Flickr CC: tomeppy

Crowdfunding as a concept took a serious hit last week when German/Dutch music startup Sellaband had a near deadpool experience. The company filed for bankrupty and was saved by the bell by German entrepreneur Michael Bogatzki.

The incident hasn’t shaken Swedish online music startup TuneRights‘ faith in crowdfunding as a future business model for the music industry. Raymond Monner, CEO and founder of Tunerights, told me to be pleased that Sellaband is to continue with a new owner. It has succeeded in testing new ground, thus showing that the general public are willing to contribute to an artist’s career.

TuneRights describes itself as a stock exchange for songs – creators register their works and allow people to buy shares of the future revenue that a work generates. The company with a team of ten, consisting of both musicians, designers and music industry professionals, is still in closed beta, aiming to launch to the public before the summer. The service will initially be available in Europe, due to financial markets regulator issues.

The major difference to its competitors such as Sellaband and Brooklyn startup Kickstarter (not only music projects), is that there’s no minimum funding target, nor any requirements a project to be fully funded before any money changes hands. This would make it easier for musicians to continue with their work in some scale as soon as the transactions start coming in.

I got an early demo of the service at the recently held Music Hack Day Stockholm, where it was one of the startups offering its API to hack on. At the time I got to see a clean interface and test search for artists with their tracks automatically pulled in from various music sources, e.g. Myspace, SoundCloud, iTunes, Spotify, or LastFm. The artists and fans have their own pages where all the transactions and current earnings are displayed. The idea of the service is explained in the super simple tutorial below:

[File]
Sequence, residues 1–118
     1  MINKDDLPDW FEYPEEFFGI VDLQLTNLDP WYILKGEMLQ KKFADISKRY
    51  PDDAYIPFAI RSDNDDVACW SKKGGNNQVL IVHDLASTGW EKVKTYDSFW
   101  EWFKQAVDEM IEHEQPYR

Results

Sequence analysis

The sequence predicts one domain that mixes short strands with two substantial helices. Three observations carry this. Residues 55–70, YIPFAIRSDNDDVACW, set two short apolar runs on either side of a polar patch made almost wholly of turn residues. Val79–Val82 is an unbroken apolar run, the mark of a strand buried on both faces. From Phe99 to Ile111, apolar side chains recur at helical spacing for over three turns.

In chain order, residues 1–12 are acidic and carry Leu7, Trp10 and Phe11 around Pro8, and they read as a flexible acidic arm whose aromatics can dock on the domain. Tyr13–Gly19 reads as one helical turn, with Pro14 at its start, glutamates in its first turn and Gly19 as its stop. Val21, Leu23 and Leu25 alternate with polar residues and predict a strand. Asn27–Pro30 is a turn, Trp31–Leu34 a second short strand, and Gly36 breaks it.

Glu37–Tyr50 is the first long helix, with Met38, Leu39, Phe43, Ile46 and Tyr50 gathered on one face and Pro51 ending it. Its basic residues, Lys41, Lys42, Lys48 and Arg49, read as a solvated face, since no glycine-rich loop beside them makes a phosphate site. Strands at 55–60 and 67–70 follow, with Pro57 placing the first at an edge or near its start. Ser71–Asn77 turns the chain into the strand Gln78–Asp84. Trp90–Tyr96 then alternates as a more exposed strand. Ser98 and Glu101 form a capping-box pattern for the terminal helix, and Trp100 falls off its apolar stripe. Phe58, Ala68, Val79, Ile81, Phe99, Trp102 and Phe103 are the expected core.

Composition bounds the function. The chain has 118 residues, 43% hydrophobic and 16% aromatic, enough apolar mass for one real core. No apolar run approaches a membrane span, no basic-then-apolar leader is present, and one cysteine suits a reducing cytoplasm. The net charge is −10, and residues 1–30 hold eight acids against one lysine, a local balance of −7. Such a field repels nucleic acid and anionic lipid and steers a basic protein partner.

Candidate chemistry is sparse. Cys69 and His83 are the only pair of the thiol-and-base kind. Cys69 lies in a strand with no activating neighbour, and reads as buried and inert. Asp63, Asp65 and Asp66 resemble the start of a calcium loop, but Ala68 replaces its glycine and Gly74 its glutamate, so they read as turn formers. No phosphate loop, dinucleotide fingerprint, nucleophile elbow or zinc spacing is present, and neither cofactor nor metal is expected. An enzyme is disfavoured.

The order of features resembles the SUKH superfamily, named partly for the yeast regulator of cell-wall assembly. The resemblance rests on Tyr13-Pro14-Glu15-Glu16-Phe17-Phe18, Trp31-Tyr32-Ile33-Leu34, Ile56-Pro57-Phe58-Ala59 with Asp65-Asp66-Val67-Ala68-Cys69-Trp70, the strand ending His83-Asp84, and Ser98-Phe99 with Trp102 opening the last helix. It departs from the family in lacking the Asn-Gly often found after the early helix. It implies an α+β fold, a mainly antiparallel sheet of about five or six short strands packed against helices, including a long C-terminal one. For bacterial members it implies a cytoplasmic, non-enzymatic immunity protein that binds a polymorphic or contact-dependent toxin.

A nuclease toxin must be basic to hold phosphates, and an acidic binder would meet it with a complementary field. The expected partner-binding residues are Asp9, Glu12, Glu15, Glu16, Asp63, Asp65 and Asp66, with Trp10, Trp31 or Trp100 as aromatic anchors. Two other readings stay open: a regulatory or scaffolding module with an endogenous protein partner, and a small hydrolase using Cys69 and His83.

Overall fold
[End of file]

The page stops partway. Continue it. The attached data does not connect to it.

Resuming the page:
Crowdfunding, or fan funding, as a concept is also being tested in various nonprofit projects such as, community funded journalism, and crowdfunding of an Irish startup KildareStreet. Obviously, there seem to be attractive opportunities in crowdfunding music, since more players keep entering the field. Italian BuskerLabel opened up only yesterday its crowdfunding platform for releasing music albums under Creative Commons license. Crowdfunding, music as well as other industries, will also be the topic of several panels at the upcoming SXSW conference next week.

TuneRights was one of the music startups pitching at the Music 4.5 conference held today in London, where the music industry was gathered to discuss innovation, revenue and business model opportunities. Check out Stuart Dredge’s, Music Ally, live blog coverage of all the music startup pitches.

Whether TuneRights is to show the way to the end of the rainbow for tunemakers, is yet to be seen, but in the meantime, while blaiming Bono, for everything, I think this clip catches the overall feeling of the music industry.

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